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Communion Meditations (2016)

Hole In the Ground

Originally scheduled for March 20

The US Department of Labor’s Mine Safety and Health Administration has a rather unique problem. They are responsible not only for the safety of miners in an active mine, but also for those intrepid fools who decide to explore an abandoned mine.

It’s not hard to list the dangers of exploring such a place. The gas in such an old hole may not be breathable — but it might be explosive. You can drown; they are often filled with water. You can simply step into them and drop several hundred feet. The walls can collapse; you can fall onto old rusty machinery; very often you’ll find some old and rather unstable explosives in them. And if that’s not sufficient for you, rattlesnakes love the place.

So you would think that persuading people to keep out of them would be easy. It’s not. As the government has discovered, such a mine is “alluring, mysterious and intriguing.”

The government’s problem is not a new one; it goes back to the beginning of human history. The oldest lie recorded in human history is simply this: evil is enlightening. Think of the things you’ll find down there! After all, you are strong and confident; you can handle any trouble that will come along. There it is: evil seems to be alluring, mysterious and intriguing — and with no downside. Not even a rattlesnake.

Evil may seem enlightening, but it’s the truth that will set you free. That’s one of the reasons we have been given communion. It starts with the fact that we are all sinners. The myth of the superbly confident, “I can handle anything” kind of Christian is just that: a myth. You think not? If we are not all sinners in need of a Savior, why would you take communion?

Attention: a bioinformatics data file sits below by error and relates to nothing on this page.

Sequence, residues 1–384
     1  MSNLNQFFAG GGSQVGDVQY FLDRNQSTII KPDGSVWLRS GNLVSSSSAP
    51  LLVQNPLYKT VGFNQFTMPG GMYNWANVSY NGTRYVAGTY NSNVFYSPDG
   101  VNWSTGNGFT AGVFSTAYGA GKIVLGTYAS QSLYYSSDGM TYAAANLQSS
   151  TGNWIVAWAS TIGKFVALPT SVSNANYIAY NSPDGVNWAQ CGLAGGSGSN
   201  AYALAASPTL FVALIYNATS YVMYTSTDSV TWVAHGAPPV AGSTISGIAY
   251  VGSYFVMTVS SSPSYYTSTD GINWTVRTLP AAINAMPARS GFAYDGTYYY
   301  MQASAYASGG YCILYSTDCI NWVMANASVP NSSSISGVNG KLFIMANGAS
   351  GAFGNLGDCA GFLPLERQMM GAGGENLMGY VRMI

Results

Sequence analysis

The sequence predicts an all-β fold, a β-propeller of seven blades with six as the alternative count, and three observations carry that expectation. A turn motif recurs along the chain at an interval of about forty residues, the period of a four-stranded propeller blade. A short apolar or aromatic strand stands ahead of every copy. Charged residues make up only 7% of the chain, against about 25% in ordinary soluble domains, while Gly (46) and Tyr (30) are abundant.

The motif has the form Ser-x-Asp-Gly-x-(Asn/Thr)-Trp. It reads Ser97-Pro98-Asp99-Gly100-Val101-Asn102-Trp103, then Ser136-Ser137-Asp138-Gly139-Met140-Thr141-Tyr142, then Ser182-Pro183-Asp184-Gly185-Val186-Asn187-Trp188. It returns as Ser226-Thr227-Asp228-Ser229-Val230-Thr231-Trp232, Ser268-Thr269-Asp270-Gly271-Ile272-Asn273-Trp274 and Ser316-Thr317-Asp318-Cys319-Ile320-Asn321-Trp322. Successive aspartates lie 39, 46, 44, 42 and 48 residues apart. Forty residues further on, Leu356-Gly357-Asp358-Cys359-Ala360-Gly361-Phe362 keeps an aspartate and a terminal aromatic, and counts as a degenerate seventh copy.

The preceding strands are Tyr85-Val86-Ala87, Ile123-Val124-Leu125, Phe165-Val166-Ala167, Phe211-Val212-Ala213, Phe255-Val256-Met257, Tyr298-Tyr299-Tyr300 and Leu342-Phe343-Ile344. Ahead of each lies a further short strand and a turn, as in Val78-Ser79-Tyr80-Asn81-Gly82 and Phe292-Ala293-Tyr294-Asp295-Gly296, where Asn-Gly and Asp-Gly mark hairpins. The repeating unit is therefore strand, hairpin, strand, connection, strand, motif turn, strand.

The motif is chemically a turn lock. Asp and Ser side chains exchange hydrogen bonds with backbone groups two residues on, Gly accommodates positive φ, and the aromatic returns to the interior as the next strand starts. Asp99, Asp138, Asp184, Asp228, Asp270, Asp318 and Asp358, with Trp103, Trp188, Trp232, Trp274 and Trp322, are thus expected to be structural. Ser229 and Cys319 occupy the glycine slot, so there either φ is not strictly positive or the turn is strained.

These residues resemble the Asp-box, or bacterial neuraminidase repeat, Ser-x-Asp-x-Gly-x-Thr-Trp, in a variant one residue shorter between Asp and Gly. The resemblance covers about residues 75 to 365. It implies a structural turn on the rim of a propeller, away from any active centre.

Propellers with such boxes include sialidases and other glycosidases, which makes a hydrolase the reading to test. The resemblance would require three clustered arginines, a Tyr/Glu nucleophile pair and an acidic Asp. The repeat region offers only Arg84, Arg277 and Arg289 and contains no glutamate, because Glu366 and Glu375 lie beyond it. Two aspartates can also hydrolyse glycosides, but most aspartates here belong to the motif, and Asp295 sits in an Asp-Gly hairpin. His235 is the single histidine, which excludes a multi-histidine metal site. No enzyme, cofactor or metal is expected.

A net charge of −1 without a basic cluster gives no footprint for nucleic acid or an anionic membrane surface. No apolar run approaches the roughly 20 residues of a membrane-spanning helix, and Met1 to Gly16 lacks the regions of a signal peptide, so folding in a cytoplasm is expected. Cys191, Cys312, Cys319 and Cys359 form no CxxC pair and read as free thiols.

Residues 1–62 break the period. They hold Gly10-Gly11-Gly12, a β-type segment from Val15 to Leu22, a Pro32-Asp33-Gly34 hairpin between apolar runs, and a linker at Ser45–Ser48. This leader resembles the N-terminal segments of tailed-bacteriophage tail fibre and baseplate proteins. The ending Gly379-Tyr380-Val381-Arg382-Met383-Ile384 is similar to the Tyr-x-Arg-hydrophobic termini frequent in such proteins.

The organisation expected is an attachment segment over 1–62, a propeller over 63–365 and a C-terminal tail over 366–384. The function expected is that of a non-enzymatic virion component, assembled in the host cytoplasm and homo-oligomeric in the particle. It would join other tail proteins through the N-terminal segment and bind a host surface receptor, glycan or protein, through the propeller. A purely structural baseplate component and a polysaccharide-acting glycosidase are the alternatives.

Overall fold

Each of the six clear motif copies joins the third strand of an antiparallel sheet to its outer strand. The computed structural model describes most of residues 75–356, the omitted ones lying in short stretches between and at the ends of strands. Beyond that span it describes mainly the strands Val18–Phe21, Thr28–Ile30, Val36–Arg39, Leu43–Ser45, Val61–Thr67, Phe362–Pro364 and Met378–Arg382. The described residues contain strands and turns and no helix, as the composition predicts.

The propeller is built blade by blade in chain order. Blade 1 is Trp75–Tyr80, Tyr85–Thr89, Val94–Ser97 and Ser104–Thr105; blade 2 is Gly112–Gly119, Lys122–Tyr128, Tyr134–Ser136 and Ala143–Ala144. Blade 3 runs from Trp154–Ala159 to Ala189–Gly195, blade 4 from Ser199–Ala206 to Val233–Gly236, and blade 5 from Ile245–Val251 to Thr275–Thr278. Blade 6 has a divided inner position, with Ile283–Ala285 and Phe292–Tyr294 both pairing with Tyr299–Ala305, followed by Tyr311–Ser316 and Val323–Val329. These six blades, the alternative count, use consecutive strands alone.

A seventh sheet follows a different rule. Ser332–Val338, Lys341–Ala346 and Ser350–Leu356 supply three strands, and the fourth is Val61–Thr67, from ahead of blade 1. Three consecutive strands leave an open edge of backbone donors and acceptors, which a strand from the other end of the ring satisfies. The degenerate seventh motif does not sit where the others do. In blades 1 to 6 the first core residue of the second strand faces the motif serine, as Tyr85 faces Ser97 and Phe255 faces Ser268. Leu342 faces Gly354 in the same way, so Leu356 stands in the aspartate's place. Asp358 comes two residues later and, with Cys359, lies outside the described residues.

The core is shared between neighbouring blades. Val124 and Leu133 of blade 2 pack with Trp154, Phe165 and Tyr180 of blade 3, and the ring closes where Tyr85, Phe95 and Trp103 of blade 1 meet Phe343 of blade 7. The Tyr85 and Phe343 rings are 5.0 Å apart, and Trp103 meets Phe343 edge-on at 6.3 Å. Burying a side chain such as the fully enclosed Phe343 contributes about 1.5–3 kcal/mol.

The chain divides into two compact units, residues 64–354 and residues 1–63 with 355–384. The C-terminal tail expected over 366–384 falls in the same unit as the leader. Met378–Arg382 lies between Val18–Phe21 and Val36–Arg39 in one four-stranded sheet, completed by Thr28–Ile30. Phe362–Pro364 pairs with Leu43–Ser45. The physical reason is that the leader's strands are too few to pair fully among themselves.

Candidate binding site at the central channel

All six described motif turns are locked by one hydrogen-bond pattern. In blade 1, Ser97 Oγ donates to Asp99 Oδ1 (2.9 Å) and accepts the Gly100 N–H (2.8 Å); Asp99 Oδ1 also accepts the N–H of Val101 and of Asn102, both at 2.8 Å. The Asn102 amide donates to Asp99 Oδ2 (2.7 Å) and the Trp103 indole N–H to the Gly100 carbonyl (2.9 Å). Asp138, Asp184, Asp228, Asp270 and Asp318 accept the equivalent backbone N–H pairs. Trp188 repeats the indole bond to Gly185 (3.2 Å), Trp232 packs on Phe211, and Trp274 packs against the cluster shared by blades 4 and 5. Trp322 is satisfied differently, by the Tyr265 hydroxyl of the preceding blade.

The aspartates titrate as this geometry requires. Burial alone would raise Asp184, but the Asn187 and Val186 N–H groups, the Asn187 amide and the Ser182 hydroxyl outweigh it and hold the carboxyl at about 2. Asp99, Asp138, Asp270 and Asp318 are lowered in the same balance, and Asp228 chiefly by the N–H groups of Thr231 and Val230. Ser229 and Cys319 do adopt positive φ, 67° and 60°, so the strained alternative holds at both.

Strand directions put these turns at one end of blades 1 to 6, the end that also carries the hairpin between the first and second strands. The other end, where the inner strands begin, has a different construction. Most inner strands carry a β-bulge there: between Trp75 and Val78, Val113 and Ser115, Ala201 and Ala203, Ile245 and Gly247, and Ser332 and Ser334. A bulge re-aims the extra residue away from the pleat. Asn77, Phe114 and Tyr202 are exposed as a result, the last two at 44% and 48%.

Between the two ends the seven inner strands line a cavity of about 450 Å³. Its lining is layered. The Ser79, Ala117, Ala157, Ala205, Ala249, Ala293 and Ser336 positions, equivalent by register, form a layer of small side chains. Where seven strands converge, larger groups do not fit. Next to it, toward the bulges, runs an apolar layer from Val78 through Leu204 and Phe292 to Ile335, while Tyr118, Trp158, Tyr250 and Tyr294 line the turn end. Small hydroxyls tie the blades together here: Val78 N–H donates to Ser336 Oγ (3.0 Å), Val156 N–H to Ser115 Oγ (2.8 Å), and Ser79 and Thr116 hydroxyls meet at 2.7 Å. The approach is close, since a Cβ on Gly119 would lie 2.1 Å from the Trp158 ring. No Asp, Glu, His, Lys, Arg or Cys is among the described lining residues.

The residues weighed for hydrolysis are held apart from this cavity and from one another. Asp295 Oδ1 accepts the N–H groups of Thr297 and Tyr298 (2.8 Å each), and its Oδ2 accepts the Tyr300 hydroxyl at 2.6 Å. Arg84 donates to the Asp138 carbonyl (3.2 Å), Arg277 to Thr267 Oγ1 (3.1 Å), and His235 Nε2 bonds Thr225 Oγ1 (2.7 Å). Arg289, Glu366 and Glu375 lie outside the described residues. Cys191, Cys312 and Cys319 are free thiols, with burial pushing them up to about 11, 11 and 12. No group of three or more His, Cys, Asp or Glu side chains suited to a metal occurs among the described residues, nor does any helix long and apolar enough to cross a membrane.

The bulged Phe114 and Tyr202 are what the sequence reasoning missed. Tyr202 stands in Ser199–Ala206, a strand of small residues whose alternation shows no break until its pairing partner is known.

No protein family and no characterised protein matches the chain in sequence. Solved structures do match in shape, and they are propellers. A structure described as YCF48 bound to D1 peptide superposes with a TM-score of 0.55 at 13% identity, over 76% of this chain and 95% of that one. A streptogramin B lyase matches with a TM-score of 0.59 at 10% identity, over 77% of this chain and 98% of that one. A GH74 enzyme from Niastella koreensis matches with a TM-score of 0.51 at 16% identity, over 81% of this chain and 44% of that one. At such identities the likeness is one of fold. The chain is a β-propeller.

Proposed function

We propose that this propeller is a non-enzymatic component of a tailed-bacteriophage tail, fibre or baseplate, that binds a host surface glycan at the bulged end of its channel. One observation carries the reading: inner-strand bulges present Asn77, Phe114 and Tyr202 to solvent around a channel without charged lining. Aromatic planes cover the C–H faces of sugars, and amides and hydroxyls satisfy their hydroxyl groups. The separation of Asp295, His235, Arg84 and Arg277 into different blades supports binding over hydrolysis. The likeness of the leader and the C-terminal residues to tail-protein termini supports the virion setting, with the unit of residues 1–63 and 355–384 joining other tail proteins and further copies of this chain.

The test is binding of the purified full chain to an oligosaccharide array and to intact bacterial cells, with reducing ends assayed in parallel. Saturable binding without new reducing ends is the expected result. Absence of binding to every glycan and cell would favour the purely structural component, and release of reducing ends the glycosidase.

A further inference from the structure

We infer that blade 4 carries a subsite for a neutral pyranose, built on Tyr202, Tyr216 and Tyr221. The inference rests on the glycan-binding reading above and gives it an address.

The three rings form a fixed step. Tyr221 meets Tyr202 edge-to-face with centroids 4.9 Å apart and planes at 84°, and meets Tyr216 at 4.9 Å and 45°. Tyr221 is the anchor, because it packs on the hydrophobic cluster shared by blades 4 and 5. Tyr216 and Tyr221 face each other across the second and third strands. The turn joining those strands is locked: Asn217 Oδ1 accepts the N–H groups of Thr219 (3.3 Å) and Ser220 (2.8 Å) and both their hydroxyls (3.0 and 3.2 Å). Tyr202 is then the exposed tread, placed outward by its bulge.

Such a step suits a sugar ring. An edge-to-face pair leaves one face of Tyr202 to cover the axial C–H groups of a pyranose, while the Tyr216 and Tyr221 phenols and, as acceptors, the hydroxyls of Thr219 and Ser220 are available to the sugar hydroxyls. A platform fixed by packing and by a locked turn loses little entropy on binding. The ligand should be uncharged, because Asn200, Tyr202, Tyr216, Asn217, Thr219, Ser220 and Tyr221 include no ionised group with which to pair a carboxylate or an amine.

There is more to it than that. A mine is something that’s easy to get in and often hard to get out of. Communion is parallel to this; it reminds you that sin is something that’s easy to get in to and hard to leave. Indeed, our sin is forgiven at the price of Christ on the Cross; neither cheap nor easy. In taking communion you are reminded of who you really are: a sinner, saved by grace.

So as you partake this morning, examine yourself. Is there something that’s alluring, mysterious and intriguing in your life? Are you working up the self-justification to say that you can handle it? Remember, you are a sinner saved by grace. An abandoned mine looks very much like a hole in the ground and nothing more. Sin often looks enlightening. If it really was enlightening you would not need forgiveness. Grace reminds us that we have something for which to be grateful — and something else which we need to continue to avoid.

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